BOGOTA – The Revolutionary Armed Forces of Colombia (FARC), demobilized under the terms of a November 2016 peace agreement with the government, said on Friday that the financial statement it provided to the United Nations listed 963.2 billion pesos ($326.6 million) in assets.
“We of the FARC have continued complying strictly with what was agreed,” a senior member of the group, Pastor Alape, said at a press conference in Bogota.
He went on to blast a letter from Attorney General Nestor Humberto Martinez to President Juan Manuel Santos in which Colombia’s chief prosecutor faulted the FARC’s asset declaration for a “lack of definition.”
The attorney general said the FARC’s asset list included trivial and extraneous items such as brooms, pots, boots, orange juicers and medical procedures and he demanded the group submit an amended declaration “as soon as possible.”
Martinez “erred by making a dishonest presentation of the information,” Alape said, adding that the former rebels are the least interested in violating the peace accord, as the collapse of the pact would leave them vulnerable to criminal prosecution for their actions during the 50-year-long conflict.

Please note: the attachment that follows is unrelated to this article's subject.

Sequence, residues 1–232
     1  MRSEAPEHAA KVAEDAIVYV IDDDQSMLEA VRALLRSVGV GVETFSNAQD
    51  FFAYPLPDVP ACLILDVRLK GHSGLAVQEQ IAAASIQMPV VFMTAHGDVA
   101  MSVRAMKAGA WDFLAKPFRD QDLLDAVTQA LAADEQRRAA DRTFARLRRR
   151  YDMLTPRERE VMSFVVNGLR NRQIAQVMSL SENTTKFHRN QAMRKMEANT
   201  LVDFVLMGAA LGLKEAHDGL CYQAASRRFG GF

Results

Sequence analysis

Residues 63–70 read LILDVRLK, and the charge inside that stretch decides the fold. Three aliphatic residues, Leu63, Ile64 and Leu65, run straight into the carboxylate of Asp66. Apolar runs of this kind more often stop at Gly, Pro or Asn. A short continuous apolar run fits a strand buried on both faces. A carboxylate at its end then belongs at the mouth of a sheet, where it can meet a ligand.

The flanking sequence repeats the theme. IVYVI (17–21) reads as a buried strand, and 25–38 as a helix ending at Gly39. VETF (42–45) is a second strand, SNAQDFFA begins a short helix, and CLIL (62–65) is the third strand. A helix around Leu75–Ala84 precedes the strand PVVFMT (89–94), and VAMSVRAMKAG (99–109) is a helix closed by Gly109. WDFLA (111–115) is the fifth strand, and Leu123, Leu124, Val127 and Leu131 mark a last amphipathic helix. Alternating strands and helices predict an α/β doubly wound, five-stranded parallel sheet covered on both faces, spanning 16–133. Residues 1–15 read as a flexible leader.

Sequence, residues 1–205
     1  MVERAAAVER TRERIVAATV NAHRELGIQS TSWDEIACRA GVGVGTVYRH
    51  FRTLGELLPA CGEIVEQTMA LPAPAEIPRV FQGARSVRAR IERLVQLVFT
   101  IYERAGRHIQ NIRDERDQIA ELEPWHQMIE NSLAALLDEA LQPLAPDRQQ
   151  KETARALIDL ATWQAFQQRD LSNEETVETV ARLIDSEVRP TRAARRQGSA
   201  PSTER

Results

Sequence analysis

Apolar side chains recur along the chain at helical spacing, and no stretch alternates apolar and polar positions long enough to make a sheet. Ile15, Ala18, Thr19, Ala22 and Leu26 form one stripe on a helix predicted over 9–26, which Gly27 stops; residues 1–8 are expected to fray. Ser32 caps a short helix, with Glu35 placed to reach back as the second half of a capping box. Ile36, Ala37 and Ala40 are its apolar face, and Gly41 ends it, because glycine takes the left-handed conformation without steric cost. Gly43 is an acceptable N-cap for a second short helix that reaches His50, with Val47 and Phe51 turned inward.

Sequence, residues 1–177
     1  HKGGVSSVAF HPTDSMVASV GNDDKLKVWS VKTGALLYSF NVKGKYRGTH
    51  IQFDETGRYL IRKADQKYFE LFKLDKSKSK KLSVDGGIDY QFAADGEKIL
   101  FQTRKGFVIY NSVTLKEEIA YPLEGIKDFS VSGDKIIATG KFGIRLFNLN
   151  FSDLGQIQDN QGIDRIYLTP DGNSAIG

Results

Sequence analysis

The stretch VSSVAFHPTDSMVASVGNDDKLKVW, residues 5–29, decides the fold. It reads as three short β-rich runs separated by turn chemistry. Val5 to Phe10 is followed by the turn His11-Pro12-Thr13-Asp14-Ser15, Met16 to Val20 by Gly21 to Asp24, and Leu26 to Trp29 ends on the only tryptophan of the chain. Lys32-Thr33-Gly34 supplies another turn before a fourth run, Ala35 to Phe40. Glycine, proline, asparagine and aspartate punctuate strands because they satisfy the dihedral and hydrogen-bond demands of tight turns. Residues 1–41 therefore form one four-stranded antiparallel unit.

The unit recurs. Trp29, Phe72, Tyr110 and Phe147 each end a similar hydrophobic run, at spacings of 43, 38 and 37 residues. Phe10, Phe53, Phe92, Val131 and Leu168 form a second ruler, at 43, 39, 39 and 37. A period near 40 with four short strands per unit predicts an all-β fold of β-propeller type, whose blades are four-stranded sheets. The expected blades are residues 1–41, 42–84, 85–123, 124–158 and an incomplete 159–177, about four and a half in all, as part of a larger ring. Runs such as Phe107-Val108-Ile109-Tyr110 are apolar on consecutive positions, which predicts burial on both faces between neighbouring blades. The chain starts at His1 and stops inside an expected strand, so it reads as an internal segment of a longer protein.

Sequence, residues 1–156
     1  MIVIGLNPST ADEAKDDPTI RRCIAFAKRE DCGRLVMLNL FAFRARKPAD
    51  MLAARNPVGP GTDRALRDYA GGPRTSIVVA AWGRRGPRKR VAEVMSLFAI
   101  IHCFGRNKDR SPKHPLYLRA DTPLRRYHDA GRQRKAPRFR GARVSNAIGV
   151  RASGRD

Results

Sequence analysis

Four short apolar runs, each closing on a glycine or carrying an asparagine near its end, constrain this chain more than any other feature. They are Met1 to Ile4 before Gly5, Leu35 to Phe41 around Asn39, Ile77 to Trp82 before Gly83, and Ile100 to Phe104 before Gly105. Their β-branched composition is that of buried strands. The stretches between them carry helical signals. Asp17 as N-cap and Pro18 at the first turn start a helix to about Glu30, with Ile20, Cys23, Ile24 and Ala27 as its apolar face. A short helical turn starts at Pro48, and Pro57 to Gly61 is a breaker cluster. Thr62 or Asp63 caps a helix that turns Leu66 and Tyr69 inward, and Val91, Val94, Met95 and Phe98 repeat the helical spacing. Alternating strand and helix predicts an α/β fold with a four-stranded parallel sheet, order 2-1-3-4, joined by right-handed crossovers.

“This leads us to think that behind the attorney general’s letter is in reality a political intention to continue hindering the implementation of the agreements,” Alape said.
The FARC’s asset declaration is one element in plans to create a mechanism for reparations to civilian victims of the war.
Acknowledging that the FARC list “represents only a modest contribution,” Alape again denied that the group had assets outside Colombia and said that financing a reparations program would be beyond the capabilities of any single organization or institution.
“If one considers the universe of victims and one truly wants to respond to their damages for material reparation, it will take an immense fiscal effort, which we think Colombian society should make,” the FARC official said.